Today’s “Planet Earth Report” Headline –“If We Learn to Engineer Animals to Be as Smart as Humans—Should We?”

 
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The concept of “animal uplift” is most famously depicted in the Planet of the Apes movie series, whose planet–conquering protagonists are likely to put most people off the idea. But proponents are less pessimistic about the outcomes. Advances in neural implants and genetic engineering suggest that in the not–too–distant future we may be able to boost human intelligence. If that’s true, could we—and should we—bring our animal cousins along for the ride?


Human brain augmentation made headlines last year after several tech firms announced ambitious efforts to build neural implant technology, reports Edd Gent in today's Singularity Hub. Duke University neuroscientist Mikhail Lebedev told me in July it could be decades before these devices have applications beyond the strictly medical. But he said the technology, as well as other pharmacological and genetic engineering approaches, will almost certainly allow us to boost our mental capacities at some point in the next few decades.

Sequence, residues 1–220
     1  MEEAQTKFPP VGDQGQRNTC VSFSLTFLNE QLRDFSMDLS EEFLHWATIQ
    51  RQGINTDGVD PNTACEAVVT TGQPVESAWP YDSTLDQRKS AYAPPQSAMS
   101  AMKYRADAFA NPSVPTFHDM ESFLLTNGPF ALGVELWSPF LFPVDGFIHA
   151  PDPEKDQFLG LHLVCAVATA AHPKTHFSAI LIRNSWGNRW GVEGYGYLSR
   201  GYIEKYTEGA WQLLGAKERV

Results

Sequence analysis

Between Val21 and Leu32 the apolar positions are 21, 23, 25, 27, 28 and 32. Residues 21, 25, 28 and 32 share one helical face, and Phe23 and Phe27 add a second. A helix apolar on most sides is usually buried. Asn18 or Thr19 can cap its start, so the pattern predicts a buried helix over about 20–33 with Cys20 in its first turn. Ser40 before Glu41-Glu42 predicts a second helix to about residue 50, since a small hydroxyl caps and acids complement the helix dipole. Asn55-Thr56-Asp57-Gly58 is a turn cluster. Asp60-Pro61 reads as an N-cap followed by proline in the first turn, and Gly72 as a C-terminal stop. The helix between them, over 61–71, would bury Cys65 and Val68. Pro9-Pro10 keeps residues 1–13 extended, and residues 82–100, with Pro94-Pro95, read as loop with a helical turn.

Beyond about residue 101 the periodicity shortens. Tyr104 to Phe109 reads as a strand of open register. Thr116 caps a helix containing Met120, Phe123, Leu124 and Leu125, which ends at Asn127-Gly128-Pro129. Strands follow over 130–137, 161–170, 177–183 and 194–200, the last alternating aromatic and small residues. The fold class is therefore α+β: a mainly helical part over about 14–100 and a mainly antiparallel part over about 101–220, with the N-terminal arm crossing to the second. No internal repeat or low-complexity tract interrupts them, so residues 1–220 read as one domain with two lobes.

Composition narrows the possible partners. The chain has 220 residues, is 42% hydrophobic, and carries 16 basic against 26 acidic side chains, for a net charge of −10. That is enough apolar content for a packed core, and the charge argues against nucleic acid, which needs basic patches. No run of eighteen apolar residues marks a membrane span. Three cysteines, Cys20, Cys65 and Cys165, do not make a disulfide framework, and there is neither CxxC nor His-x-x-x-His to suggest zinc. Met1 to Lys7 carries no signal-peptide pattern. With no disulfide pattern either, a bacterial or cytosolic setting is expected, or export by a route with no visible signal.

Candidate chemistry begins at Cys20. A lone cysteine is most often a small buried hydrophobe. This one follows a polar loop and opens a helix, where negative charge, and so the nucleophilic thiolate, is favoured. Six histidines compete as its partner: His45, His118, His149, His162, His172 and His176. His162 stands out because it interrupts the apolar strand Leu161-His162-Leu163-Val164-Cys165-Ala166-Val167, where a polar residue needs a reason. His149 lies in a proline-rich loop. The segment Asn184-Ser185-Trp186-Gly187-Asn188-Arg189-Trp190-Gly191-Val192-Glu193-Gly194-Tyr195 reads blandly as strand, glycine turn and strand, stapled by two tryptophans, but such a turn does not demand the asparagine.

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Whether this kind of cognitive enhancement is a good idea or not, and how we should regulate it, are matters of heated debate among philosophers, futurists, and bioethicists, but for some it has raised the question of whether we could do the same for animals.

There’s already tantalizing evidence of the idea’s feasibility. As detailed in BBC Future, a group from MIT found that mice that were genetically engineered to express the human FOXP2 gene linked to learning and speech processing picked up maze routes faster. Another group at Wake Forest University studying Alzheimer’s found that neural implants could boost rhesus monkeys’ scores on intelligence tests.

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Image credit: With thanks to Getty Images

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